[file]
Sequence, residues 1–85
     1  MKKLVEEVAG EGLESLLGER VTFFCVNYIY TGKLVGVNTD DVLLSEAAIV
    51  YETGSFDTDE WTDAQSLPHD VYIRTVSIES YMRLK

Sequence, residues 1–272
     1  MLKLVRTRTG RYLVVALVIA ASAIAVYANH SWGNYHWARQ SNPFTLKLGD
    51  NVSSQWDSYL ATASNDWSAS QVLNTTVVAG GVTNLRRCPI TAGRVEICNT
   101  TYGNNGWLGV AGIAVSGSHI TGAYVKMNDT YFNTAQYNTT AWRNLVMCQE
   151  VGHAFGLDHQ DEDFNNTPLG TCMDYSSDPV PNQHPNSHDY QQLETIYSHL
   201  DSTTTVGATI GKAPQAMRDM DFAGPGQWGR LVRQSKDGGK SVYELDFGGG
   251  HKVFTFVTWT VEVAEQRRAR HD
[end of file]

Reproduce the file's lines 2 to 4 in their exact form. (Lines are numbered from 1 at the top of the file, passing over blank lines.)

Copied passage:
     1  MKKLVEEVAG EGLESLLGER VTFFCVNYIY TGKLVGVNTD DVLLSEAAIV
    51  YETGSFDTDE WTDAQSLPHD VYIRTVSIES YMRLK

Sequence, residues 1–272